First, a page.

Biogen and partner Eisai's aducanumab have won a landmark—yet widely criticized—FDA approval for Alzheimer's disease drug Aduhelm, and the companies are eying a big potential market in Asia. China's Stemirna Therapeutics raised $188 million for its mRNA COVID-19 vaccine ambitions. Chinese authorities have cleared a homegrown HER2-targeted antibody-drug conjugate by RemeGen for stomach cancer. And more.
In a controversial move, the FDA went against its external advisers' recommendations and approved Biogen’s Eisai-partnered Alzheimer’s drug aducanumab, now marketed as Aduhelm. The biomarker-driven conditional go-ahead covers all Alzheimer’s patients even though the drug was only tested in early-stage patients who harbor beta amyloid plaques. Because of the broad label and an estimated $56,000 annual list price, analysts project it could be one of the biggest launches in biopharma history.
Meanwhile, Eisai CEO Haruo Naito sees a “considerable blockbuster” opportunity for the drug in Asia. The large patient population in China, Japan and elsewhere represents an “enormous” market that could contribute considerably to Eisai’s revenues, he said in an interview with Nikkei. Biogen filed aducanumab with Japanese authorities in December.
As BioNTech and Modern have validated their mRNA tech with successful COVID-19 vaccines, China’s Stemirna Therapeutics hopes it can join the fray and has raised CNY 1.2 billion ($188 million) to bankroll its pandemic mRNA candidate. Sequoia Capital China, state-backed China Merchants Medical and Healthcare Industry Equity Fund co-led the round.
3. China clears first homemade ADC, a HER2 med by RemeGen (release, PDF)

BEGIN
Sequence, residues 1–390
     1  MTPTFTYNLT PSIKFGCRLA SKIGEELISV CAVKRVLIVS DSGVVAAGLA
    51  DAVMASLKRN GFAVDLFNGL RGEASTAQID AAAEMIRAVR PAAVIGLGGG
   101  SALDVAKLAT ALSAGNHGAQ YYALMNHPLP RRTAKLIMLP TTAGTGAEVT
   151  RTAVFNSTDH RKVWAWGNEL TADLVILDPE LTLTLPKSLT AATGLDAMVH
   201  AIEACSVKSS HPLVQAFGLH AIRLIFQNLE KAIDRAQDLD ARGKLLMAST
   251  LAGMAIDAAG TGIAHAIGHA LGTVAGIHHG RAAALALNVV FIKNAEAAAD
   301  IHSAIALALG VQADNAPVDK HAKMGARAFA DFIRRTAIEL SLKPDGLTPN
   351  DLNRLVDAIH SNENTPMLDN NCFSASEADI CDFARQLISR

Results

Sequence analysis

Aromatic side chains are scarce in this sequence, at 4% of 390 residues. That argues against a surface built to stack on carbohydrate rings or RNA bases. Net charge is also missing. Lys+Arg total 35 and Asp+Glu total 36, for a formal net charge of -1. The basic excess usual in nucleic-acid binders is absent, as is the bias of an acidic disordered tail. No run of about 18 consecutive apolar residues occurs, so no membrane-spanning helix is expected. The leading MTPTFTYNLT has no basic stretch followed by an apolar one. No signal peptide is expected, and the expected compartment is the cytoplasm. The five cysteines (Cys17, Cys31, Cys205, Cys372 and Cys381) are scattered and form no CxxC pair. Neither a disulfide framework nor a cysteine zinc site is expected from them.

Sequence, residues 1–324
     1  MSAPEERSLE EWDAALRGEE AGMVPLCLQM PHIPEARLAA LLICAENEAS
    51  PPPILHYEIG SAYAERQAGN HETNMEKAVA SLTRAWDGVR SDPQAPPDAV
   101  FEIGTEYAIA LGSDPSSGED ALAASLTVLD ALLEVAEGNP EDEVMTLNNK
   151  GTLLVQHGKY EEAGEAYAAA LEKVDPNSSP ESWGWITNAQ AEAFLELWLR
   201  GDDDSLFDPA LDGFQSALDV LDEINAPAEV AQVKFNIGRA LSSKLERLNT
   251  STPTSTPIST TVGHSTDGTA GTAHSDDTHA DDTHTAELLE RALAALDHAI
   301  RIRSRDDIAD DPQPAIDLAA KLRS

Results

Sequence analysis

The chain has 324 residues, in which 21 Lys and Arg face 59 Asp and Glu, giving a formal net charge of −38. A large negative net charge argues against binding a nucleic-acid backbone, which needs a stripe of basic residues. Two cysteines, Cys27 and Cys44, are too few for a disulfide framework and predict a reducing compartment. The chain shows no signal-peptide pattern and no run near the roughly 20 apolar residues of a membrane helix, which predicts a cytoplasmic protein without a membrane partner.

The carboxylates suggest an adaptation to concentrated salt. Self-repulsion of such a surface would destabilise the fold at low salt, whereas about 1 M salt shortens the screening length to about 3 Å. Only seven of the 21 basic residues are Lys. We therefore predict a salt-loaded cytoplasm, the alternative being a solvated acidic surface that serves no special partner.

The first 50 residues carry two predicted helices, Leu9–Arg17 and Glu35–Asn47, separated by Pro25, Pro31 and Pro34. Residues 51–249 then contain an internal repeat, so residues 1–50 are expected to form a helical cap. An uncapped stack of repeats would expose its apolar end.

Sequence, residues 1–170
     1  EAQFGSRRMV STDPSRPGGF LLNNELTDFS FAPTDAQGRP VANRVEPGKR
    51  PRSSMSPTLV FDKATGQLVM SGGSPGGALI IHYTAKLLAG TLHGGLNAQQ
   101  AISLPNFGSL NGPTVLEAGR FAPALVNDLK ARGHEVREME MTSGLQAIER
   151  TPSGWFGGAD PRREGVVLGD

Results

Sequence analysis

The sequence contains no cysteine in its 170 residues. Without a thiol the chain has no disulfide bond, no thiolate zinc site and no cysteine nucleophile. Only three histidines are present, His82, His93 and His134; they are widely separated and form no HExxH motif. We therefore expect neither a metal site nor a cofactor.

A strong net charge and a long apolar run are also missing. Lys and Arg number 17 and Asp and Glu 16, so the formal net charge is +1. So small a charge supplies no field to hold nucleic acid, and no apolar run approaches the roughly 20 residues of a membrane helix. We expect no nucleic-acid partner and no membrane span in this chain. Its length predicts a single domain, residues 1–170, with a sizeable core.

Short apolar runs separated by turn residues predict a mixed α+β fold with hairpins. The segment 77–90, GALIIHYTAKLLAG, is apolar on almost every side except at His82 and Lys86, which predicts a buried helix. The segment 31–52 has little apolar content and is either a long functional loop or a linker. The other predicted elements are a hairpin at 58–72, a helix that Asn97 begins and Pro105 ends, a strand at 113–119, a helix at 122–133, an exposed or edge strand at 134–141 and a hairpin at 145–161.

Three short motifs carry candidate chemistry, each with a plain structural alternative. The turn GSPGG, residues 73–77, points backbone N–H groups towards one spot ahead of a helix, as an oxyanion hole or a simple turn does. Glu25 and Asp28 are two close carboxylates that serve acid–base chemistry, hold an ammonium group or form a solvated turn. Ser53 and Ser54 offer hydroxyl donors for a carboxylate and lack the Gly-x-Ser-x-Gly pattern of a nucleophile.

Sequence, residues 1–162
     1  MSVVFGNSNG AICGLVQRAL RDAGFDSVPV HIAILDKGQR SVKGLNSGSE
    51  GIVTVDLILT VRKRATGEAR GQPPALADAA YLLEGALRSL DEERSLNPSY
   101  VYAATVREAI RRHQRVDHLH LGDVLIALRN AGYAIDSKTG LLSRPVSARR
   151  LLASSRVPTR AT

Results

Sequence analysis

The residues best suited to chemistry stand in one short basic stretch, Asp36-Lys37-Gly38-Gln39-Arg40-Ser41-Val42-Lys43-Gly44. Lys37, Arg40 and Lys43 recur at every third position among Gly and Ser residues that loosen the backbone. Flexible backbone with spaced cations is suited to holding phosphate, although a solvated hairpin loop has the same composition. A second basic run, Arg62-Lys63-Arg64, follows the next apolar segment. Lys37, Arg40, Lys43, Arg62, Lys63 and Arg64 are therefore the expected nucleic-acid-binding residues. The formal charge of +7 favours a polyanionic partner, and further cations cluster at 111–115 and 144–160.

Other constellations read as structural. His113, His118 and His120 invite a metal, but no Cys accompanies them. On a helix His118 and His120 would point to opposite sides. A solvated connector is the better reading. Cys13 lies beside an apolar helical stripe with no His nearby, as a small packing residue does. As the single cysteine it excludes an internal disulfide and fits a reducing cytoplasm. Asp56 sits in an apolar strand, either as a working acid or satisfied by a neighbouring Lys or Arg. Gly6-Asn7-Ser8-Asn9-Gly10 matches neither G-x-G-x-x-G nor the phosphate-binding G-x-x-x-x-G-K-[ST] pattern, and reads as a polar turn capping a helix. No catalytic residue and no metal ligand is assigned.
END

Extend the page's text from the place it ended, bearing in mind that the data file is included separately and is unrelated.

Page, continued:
Less than a year after its $515 million Hong Kong IPO, China’s RemeGen has ushered its second product across the regulatory finish line. The biotech’s disitamab vedotin, an anti-HER2 therapy, has become the first homegrown antibody-drug conjugate to be approved in China. The current conditional nod is for HER2-positive stomach cancer after at least two prior systemic therapies. In a phase 2 trial, the drug triggered a response in 24.4% of third- or later-line stomach cancer patients. It bears an FDA breakthrough-therapy designation for second-line treatment of HER2-postive bladder cancer.
Astellas’ Xtandi has won backing from England’s National Institute for Health and Care Excellence to treat patients to treat patients with metastatic hormone-sensitive prostate cancer. The decision puts Xtandi ahead its rival Erleada from Johnson & Johnson, which was rejected by the drug cost watchdog at the end of May.
A slate of South Korean investors has led U.K. biotech Iksuda Therapeutics’ $47 million financing round. They are: Celltrion, Mirae Asset Capital and Premier Partners. The money will go toward the company’s antibody-drug conjugates, including efforts to move its lead preclinical candidate, IKS03, a CD19-targeted ADC, into phase 1 clinical trials.